Britain wants a durable relationship with the European Union for "decades to come" in financial services as part of a new free trade agreement with the bloc, Britain's finance minister Sajid Javid said on Tuesday.
Britain left the EU last month and unless it agrees access to the bloc by December, its financial services sector will be cut off from its single biggest customer from January 2021.
"If the EU, like us, wants a durable relationship, we should also include measures to directly address the long-term needs of industry for a reliable equivalence process," Javid said in an article in City AM newspaper.
Javid called on the EU to find Britain's financial sector "equivalent", a reference to the bloc's system of financial market access, based on Brussels acknowledging that UK regulation is as robust as the EU's rules.
But it falls far short of the unfettered access banks, asset managers and insurers in Britain had to the EU when Britain was a member state.
Equivalence only covers some financial activities, basic banking is excluded, and Brussels can in theory scrap access with just 30 days notice in some cases.
Britain and the EU have agreed to make such an assessment by the end of June, but Brussels has warned that actual financial market access will be linked to broader trade issues, such as fishing rights.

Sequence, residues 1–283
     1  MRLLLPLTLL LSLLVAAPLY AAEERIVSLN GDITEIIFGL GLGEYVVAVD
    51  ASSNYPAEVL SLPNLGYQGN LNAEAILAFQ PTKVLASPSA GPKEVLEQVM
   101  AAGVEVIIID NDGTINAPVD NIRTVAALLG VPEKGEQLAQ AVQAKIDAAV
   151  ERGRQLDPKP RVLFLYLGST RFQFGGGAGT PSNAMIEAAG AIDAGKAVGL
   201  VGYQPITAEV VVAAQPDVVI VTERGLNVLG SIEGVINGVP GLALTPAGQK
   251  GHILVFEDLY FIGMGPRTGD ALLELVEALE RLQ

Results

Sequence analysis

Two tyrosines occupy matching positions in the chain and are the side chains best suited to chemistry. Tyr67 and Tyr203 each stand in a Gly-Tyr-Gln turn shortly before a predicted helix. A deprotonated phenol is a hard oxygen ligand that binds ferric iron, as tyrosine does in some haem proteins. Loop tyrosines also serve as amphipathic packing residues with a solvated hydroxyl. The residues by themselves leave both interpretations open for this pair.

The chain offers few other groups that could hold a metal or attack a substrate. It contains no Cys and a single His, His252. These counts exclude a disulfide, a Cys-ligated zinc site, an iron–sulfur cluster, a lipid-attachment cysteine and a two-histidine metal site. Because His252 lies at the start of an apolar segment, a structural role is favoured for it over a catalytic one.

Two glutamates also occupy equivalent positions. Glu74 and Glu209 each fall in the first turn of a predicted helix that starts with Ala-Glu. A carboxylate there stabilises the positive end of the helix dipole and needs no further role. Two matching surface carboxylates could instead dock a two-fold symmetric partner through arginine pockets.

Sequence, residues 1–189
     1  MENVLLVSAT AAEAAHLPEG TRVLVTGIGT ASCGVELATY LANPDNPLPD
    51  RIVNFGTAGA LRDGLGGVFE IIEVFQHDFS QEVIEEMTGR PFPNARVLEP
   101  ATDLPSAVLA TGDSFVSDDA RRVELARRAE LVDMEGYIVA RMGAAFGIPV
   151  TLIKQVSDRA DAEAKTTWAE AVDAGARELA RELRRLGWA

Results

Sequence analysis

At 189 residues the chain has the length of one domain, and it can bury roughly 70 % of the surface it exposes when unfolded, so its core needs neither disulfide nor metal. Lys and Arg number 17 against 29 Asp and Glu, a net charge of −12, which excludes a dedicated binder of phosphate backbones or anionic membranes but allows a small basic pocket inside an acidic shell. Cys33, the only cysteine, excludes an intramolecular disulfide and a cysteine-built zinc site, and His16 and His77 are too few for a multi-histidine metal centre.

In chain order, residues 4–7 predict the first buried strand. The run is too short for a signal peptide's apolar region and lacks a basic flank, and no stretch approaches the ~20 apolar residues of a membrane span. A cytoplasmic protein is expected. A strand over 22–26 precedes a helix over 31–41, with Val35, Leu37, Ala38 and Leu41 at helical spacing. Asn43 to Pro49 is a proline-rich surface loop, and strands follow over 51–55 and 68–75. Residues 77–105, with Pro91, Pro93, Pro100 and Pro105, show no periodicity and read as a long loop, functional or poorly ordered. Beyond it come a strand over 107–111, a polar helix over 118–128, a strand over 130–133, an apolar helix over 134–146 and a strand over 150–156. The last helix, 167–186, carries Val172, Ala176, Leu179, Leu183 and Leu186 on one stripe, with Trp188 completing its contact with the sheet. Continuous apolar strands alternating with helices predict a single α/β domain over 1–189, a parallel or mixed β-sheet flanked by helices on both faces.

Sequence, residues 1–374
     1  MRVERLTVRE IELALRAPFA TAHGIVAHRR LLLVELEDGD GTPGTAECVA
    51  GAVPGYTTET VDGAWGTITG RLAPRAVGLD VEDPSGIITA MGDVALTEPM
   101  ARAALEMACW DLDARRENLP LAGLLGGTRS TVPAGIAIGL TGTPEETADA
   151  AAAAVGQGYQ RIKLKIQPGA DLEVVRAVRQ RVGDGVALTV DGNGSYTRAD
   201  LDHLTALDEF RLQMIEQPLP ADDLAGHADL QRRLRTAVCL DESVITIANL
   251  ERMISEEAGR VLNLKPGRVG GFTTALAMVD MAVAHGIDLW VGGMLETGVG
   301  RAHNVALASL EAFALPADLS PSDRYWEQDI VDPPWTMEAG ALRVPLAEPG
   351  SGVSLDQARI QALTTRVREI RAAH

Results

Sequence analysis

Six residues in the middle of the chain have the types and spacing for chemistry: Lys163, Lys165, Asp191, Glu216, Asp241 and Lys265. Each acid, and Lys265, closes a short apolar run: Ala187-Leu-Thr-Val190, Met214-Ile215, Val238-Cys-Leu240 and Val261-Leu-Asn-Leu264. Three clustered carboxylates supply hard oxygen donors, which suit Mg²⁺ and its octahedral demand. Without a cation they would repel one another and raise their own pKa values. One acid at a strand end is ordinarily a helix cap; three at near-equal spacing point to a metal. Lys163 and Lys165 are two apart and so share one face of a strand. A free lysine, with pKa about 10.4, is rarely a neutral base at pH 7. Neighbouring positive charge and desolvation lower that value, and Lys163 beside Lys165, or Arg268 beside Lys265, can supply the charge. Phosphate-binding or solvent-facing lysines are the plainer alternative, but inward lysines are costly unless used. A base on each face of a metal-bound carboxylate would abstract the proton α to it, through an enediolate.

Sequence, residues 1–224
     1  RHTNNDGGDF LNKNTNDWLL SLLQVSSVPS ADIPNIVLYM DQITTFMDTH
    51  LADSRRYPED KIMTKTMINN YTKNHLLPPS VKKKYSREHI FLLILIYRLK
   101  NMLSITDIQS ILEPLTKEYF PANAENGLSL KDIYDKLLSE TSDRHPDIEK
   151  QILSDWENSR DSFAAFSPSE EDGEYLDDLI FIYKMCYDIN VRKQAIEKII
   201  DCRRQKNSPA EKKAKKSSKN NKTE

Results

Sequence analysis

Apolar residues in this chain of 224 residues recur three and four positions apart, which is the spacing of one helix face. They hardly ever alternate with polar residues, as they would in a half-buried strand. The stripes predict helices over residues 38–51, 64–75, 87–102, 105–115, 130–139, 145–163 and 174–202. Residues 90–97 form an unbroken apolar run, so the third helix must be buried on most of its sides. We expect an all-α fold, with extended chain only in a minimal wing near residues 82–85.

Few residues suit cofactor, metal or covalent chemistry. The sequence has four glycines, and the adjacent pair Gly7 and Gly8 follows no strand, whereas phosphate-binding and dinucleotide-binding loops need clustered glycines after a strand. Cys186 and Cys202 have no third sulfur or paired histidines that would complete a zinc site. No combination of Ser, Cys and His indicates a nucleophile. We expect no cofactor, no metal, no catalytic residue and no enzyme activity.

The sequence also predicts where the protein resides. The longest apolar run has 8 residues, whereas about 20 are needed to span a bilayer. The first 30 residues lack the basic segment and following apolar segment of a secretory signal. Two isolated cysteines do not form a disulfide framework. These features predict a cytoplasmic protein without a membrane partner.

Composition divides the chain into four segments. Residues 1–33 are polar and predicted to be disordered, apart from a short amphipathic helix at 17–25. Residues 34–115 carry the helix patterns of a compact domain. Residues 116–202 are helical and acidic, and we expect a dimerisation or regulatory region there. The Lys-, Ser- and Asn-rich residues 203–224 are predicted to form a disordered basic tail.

Findings of equivalence now and creating a framework to "sustain trust and cooperation" for them to endure into the future offer the best solution to the question of agreeing Britain's relationship with the EU this year, Javid said.
"This is important not only in the short term, but to establish the norms and ways of working with the EU that will endure for decades to come," Javid said.
Javid said Britain would no longer be a "rule taker", meaning it won't continue to cut and paste the bloc's financial regulation into UK law as it did while a member of the EU.
EU regulators have privately questioned how Britain could have equivalence-based access over the longer term without staying aligned to rules in the bloc.
An unverified photo of a government briefing paper on equivalence taken outside Javid's Downing Street office by PoliticalPics on Monday spoke of "comprehensive, permanent equivalence decisions" as an opening position for Britain.
But Michel Barnier, the EU's chief negotiator, told the European Parliament on Tuesday that Britain must be "under no illusion" on financial services as there will be "no general, global, permanent equivalence" with Britain.
"There will be no common management," Barnier said.
The UK briefing paper also mentioned a "landing zone" where financial services would not be included in a broader free trade agreement, equivalence access would be selective and accompanied by a joint declaration and series of MoUs when it comes to regulatory cooperation rather than a more comprehensive framework.
Equivalence is used by countries like Singapore, the United States and Japan, but it has never been applied before to a huge financial center on the EU's doorstep. The bloc has been toughening up conditions for equivalence ahead of Brexit.
Brussels has also made it clear that if equivalence is granted for trading, clearing or other financial activities, its regulators would closely supervise UK rules to ensure it was staying aligned to those in the bloc.
Javid said he would publish a white paper on financial services in the spring on the future of the sector.
Faced with uncertainty over equivalence, financial firms in Britain have opened hubs in the EU to avoid being cut off or reduced access.